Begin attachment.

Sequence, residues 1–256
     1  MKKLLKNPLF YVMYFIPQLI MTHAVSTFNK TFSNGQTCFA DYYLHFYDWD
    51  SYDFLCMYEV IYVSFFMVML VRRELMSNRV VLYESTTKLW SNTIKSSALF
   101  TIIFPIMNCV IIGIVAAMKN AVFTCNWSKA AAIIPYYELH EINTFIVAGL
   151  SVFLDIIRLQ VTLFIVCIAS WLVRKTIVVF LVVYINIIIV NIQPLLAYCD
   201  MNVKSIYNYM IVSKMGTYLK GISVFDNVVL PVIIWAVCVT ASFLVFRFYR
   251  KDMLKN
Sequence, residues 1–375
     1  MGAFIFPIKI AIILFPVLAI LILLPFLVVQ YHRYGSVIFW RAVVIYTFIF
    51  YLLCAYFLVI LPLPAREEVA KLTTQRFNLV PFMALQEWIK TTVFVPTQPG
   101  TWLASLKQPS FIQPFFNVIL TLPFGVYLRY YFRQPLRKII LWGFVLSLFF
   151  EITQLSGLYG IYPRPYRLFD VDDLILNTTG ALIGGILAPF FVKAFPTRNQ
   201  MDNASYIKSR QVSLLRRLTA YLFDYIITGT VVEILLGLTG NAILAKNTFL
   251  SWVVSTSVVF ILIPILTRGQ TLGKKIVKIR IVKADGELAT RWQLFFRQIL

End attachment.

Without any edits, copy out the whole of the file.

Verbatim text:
Sequence, residues 1–256
     1  MKKLLKNPLF YVMYFIPQLI MTHAVSTFNK TFSNGQTCFA DYYLHFYDWD
    51  SYDFLCMYEV IYVSFFMVML VRRELMSNRV VLYESTTKLW SNTIKSSALF
   101  TIIFPIMNCV IIGIVAAMKN AVFTCNWSKA AAIIPYYELH EINTFIVAGL
   151  SVFLDIIRLQ VTLFIVCIAS WLVRKTIVVF LVVYINIIIV NIQPLLAYCD
   201  MNVKSIYNYM IVSKMGTYLK GISVFDNVVL PVIIWAVCVT ASFLVFRFYR
   251  KDMLKN
Sequence, residues 1–375
     1  MGAFIFPIKI AIILFPVLAI LILLPFLVVQ YHRYGSVIFW RAVVIYTFIF
    51  YLLCAYFLVI LPLPAREEVA KLTTQRFNLV PFMALQEWIK TTVFVPTQPG
   101  TWLASLKQPS FIQPFFNVIL TLPFGVYLRY YFRQPLRKII LWGFVLSLFF
   151  EITQLSGLYG IYPRPYRLFD VDDLILNTTG ALIGGILAPF FVKAFPTRNQ
   201  MDNASYIKSR QVSLLRRLTA YLFDYIITGT VVEILLGLTG NAILAKNTFL
   251  SWVVSTSVVF ILIPILTRGQ TLGKKIVKIR IVKADGELAT RWQLFFRQIL